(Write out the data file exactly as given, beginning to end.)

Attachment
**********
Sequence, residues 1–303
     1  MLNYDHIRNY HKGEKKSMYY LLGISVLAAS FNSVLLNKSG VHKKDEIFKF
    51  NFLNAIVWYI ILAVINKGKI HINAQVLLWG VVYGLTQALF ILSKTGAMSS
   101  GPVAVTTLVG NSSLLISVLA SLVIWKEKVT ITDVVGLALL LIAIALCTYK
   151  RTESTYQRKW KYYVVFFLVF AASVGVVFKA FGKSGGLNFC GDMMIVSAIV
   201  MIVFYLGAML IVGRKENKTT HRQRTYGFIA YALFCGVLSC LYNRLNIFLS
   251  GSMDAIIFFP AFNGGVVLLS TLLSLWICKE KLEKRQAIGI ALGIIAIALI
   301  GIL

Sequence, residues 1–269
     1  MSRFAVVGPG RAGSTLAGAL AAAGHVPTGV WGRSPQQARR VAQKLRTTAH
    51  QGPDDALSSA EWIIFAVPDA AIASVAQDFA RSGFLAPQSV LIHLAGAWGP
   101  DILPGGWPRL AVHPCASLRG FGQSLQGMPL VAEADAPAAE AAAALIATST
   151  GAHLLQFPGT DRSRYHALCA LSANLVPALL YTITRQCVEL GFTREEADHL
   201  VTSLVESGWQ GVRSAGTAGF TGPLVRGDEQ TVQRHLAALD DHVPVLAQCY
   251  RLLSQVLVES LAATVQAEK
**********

Sequence, residues 1–303
     1  MLNYDHIRNY HKGEKKSMYY LLGISVLAAS FNSVLLNKSG VHKKDEIFKF
    51  NFLNAIVWYI ILAVINKGKI HINAQVLLWG VVYGLTQALF ILSKTGAMSS
   101  GPVAVTTLVG NSSLLISVLA SLVIWKEKVT ITDVVGLALL LIAIALCTYK
   151  RTESTYQRKW KYYVVFFLVF AASVGVVFKA FGKSGGLNFC GDMMIVSAIV
   201  MIVFYLGAML IVGRKENKTT HRQRTYGFIA YALFCGVLSC LYNRLNIFLS
   251  GSMDAIIFFP AFNGGVVLLS TLLSLWICKE KLEKRQAIGI ALGIIAIALI
   301  GIL

Sequence, residues 1–269
     1  MSRFAVVGPG RAGSTLAGAL AAAGHVPTGV WGRSPQQARR VAQKLRTTAH
    51  QGPDDALSSA EWIIFAVPDA AIASVAQDFA RSGFLAPQSV LIHLAGAWGP
   101  DILPGGWPRL AVHPCASLRG FGQSLQGMPL VAEADAPAAE AAAALIATST
   151  GAHLLQFPGT DRSRYHALCA LSANLVPALL YTITRQCVEL GFTREEADHL
   201  VTSLVESGWQ GVRSAGTAGF TGPLVRGDEQ TVQRHLAALD DHVPVLAQCY
   251  RLLSQVLVES LAATVQAEK